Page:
As I wrote in the weeks after the Musk purchase, the pushback he got from the ADL, and other left-wing and liberal groups, was purportedly about hate speech but really about something else. In its current guise in which it has become more of a biased attack group rather than one devoted to defending the Jews, ADL was part of the effort to censor right-wing views.

Its work consulting with Silicon Valley giants like PayPal, Facebook and Twitter demonstrated that it was part of a combined assault on the part of liberal activists, corporations and the government against free speech and not a defense of democracy, let alone a campaign devoted to expunging hate from the Internet. As such, though they represent themselves as fighting tirelessly against extremists, the impact of their efforts posed as much a threat to freedom as many of the nutcases that it singles out as arguments in favor of their censorship goals. Yet pursuing this path was immensely profitable for ADL, both in terms of the corporate contributions it was able to solicit and the power it gave them.

At the same time, it is important to note that in the 11 months since he took control of Twitter, Musk has proven to be anything but a steadfast defender of freedom. He sounded the right notes at the start, indicating that he understood that ownership of the platform gave him effective control of the world’s virtual public square. That’s a position of enormous power that—as his predecessors at the company proved—could lead to great harm.

But since then, he has broken with the journalists who uncovered the Twitter files he had opened to them. It’s also far from clear that some of the same problems that plagued Twitter have been thrown out along with much of the old staff. Shadow banning—the silencing of some voices, whether by an algorithm or individual action without the knowledge of the person affected—of conservative opinion accounts seems to have continued.

And rather than take on some of the larger leftist groups that have been pushing for advertiser boycotts of the platform, he preferred to ally himself with antisemites by trying to make the argument solely about the ADL.

It’s the same sort of bad judgment that led him to rebrand the company from Twitter and its eponymous tweets to calling it X, a bizarre blunder that may be among the worst marketing decisions in the history of modern business.

Who can we trust?

In short, it’s clear that Musk can’t be trusted to be the guardian of free speech he wants us to think he is. Yet no matter how disappointing his conduct has proved to be, none of that justifies the ADL’s desire to reinstate the old Twitter censorship of conservatives.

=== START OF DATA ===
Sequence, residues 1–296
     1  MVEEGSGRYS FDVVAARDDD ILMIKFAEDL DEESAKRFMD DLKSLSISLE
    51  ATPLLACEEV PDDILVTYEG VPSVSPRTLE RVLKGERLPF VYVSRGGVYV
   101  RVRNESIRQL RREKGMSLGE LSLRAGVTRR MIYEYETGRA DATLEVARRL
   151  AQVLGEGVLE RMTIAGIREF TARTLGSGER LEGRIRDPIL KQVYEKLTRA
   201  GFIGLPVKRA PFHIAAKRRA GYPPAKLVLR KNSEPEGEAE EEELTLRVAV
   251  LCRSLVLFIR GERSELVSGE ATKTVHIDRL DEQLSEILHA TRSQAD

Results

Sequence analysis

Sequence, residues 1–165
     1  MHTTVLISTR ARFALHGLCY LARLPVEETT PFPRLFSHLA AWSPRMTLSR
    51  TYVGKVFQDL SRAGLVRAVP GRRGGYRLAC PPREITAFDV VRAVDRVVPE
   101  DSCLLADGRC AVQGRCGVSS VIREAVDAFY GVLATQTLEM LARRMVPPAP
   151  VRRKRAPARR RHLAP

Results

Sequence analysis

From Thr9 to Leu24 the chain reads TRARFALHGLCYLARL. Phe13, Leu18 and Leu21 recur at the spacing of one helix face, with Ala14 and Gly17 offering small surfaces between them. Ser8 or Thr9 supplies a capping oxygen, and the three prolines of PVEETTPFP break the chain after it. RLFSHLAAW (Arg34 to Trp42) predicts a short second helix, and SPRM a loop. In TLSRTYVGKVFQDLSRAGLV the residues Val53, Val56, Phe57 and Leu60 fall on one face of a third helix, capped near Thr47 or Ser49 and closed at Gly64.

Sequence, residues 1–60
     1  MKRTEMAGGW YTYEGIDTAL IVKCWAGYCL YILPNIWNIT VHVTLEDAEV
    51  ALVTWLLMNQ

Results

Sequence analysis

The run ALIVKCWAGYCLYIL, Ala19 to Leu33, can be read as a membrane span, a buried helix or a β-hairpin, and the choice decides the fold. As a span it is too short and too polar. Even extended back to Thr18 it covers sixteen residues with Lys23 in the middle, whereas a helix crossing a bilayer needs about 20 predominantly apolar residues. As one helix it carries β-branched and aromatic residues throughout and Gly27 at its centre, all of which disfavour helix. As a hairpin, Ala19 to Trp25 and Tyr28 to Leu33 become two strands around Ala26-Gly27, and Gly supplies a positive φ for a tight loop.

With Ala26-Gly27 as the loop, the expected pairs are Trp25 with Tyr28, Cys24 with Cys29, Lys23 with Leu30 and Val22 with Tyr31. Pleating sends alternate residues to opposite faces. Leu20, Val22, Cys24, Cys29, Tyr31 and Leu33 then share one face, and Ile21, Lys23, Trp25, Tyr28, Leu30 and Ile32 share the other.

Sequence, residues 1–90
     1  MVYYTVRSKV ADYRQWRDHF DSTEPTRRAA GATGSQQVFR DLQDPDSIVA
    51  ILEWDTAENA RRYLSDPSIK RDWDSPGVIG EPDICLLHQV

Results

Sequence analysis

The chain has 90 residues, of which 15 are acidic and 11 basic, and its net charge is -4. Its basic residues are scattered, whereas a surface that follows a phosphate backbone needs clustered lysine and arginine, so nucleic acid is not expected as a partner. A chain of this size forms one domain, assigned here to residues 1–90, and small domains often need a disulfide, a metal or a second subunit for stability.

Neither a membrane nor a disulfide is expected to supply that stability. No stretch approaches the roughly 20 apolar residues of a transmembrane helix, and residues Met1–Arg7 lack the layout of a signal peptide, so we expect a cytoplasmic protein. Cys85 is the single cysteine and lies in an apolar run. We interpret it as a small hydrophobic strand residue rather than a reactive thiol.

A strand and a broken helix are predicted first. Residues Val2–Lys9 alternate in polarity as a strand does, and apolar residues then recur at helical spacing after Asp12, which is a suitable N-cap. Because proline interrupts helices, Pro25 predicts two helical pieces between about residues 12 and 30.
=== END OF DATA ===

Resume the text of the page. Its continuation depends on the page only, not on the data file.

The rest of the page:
This is a debate that has been raging for the past four years since actor/comedian Sacha Baron Cohen was given a platform by the ADL to push for more censorship on Facebook in the name of eradicating antisemitism. He argued that social-media companies should be booting Jew-haters off of their platforms, and their failure to do so was fueling a surge in antisemitism.

The problem with that point of view was proven in the following years as Big Tech began to listen to him. Instead of just banning lunatics and trolls like the Groypers, the Silicon Valley oligarchs who run these companies put in place practices that enabled wide-ranging censorship of political viewpoints on a range of subjects from conservatives, including pushback against authoritarian and pointless government policies that aimed at curbing the coronavirus pandemic.

For all of my disagreements with Greenblatt and the ADL, there can be no compromise with or rationalization of the likes of Jones, Woods, Fuentes and his Groypers. Still, that shouldn’t be interpreted as a justification of ADL’s position on Internet censorship. While social-media platforms are within their rights to shut down accounts that promote hatred, they seem incapable of doing so without engaging in censorship of legitimate political stances.

The ADL’s own attacks on conservative opinion on the Internet, such as the Libs of TikTok’s Chaya Rachick, gives the lie to any claims from the organization that they support free speech for those that hold views they oppose.

The world would be better off if the Jew-haters were silenced, but we can’t trust the ADL or Big Tech censors to do so without engaging in conduct that undermines the freedom of expression that is essential to democracy. It’s difficult to weigh the right balance between these two concerns, but as much as Musk is deserving of criticism for conduct that can be justly described as enabling antisemitism, that shouldn’t be treated as a vindication of ADL’s position or its pose as the arbiter of what should or shouldn’t be allowed to be posted online. Jewish security can’t be obtained at the cost of sacrificing free speech.

Jonathan S. Tobin is editor-in-chief of JNS (Jewish News Syndicate). Follow him on Twitter at: @jonathans_tobin.